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Alyson Stoner Said Her Conversion Therapy Experience Is "Legitimately Difficult" To Talk About

"My legs started shaking at the thought of reliving some of it."

Posted on July 1, 2021, at 7:47 a.m. ET

Performer and actor Alyson Stoner is opening up about her "legitimately difficult" and "dangerous" experience with LGBTQ conversion therapy.

Gary Gershoff / Getty Images

In 2018, Alyson came out as a member of the LGBTQ community in an essay for Teen Vogue, in which she said she is "attracted to men, women, and people who identify in other ways."

In the essay, Alyson wrote that she had gone to therapy after falling in love with a woman in order to "identify the source of [her] attraction."

"Like many, I had internalized some of the harmful beliefs and misconceptions about LGBTQ people and identities," she said.

"My faith at that time played a large role in every aspect of my life, and my worldview neither supported nor accepted same-sex relationships," she continued. "I prayed in turmoil nightly, begging to be healed from these desires. Certain pastors and community members tried to reverse and eliminate my attraction to her."

Now, in an interview with Insider to promote her new book Mind Body Pride, Alyson is opening up about her experience with what she refers to as an "outpatient version" of conversion therapy.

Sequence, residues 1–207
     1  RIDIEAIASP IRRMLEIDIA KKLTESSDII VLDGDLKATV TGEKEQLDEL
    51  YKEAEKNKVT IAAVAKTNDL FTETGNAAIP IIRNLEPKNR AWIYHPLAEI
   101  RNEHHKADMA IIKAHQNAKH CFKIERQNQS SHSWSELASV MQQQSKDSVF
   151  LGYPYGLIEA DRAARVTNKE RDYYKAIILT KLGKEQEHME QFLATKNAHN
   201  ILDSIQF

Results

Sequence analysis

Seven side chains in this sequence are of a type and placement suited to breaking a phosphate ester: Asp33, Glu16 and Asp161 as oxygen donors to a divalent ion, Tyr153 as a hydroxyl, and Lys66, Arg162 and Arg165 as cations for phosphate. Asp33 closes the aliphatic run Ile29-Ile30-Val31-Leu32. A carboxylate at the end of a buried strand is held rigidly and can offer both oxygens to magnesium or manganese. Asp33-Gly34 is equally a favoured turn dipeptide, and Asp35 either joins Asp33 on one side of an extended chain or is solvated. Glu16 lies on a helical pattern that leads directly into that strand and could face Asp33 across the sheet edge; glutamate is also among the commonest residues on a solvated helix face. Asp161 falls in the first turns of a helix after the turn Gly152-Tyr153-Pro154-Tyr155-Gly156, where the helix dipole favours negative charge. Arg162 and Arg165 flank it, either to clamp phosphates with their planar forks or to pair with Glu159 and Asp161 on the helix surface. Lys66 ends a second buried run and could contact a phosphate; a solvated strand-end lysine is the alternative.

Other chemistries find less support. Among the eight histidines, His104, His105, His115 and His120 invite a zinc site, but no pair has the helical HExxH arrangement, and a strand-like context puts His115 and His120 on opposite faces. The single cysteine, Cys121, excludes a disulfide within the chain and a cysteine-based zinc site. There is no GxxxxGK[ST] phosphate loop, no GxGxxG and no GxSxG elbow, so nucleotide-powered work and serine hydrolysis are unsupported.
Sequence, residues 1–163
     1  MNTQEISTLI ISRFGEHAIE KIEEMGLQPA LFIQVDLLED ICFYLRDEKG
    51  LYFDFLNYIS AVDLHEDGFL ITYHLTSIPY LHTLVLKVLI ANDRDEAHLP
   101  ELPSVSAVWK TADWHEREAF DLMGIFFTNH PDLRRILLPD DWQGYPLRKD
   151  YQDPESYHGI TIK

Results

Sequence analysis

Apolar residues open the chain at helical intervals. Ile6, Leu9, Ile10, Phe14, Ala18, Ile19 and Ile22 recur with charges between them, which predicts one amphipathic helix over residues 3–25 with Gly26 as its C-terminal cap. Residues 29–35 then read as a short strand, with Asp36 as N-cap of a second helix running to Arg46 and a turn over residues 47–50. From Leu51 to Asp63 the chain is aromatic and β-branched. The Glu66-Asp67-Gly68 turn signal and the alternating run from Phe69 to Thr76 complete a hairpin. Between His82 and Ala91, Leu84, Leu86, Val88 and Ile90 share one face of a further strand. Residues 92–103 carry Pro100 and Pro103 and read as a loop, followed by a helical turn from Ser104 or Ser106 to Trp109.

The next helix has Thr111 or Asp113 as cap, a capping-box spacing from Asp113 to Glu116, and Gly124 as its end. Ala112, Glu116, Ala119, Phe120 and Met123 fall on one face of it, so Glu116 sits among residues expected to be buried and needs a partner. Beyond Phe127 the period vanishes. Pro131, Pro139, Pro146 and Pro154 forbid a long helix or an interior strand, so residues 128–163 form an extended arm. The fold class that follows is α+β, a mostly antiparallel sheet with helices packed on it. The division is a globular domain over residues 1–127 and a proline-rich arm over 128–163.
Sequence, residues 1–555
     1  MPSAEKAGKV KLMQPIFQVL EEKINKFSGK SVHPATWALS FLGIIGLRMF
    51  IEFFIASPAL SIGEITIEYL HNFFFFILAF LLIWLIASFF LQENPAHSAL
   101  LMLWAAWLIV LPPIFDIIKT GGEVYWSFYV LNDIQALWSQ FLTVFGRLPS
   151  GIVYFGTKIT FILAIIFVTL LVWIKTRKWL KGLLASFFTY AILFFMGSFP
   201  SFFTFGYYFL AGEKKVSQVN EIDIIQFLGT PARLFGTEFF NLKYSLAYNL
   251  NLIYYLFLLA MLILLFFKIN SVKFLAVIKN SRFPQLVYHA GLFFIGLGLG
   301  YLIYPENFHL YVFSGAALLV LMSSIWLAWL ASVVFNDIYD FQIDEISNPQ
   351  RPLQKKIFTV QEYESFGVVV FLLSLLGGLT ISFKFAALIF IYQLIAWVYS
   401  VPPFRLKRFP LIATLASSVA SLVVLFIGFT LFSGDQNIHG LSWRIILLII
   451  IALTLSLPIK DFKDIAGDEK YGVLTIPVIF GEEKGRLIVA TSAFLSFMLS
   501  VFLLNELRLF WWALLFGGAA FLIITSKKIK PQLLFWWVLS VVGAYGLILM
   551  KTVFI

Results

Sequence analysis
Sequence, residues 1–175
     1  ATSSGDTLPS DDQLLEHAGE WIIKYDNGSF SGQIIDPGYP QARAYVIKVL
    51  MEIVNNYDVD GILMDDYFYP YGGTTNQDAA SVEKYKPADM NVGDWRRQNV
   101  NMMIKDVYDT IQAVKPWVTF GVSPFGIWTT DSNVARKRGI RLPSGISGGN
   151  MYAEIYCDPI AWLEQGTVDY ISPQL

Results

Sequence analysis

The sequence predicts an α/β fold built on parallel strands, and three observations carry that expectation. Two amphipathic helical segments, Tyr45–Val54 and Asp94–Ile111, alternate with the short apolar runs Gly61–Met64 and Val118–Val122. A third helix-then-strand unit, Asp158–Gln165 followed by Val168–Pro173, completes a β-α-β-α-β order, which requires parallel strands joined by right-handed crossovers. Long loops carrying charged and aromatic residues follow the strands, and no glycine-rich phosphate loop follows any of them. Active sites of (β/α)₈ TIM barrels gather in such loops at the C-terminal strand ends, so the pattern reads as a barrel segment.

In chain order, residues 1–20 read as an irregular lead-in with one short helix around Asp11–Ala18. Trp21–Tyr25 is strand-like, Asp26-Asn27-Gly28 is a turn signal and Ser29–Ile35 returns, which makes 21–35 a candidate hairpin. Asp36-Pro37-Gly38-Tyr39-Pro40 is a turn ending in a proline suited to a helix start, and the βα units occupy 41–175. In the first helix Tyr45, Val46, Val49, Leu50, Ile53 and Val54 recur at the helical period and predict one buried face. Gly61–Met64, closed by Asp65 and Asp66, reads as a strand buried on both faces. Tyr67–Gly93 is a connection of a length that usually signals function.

Jeff Kravitz / FilmMagic for DCP

The 27-year-old, who now identifies as pansexual, told Insider that she sought therapy because she felt "stuck," "wretched," and "like everything was wrong with [her]."

Michael Kovac / Getty Images for Annenberg Space for Photography

"I, in my heart of hearts, only desired to be a devoted follower of God," Alyson said. "So to hear from people you trust, from people you respect, from people you might even aspire to become, that you at your core are 'rotten,' 'abominable,' that the devil has a target on your back..."

"It just sends you into a spiral," she said. "At least for me, because I just wanted to do the right thing."

Alyson went on to say that while she has worked to understand her pastors' views were a result of a specific "environment and time period," her experience with therapy is still "legitimately difficult" for her to discuss.

"My mind doesn't want to even go there," the Step Up star admitted. "My legs started shaking at the thought of reliving some of it."

Presley Ann / FilmMagic

"I know firsthand how dangerous it is for me, as someone who had access to therapy and other forms of support," Alyson continued. "And I still was considering whether my life was worth living or, if everything was wrong with me, then what good was it for me to be around?"

"It severs the mind-body connection because I see the body as something that is shameful, that is not to be trusted," she said. "It actually ends up messing with my ability to foster genuine relationships with others and myself, because now I'm suppressing a voice."

"I [was] trying to change something that is what I now understand very natural," Alyson said.

"The dangers are measurable," Alyson said of conversion therapy. "Even if someone comes out of it on the other side and says, 'Hey, no, I'm living a great life,' there are scars there. There are shadows."

"I'm not capable yet of going back and recounting specifics," she said. "Which is an indicator of just how difficult that chapter was for me."

Read Alyson's interview with Insider in full here.

A BuzzFeed News investigation, in partnership with the International Consortium of Investigative Journalists, based on thousands of documents the government didn't want you to see.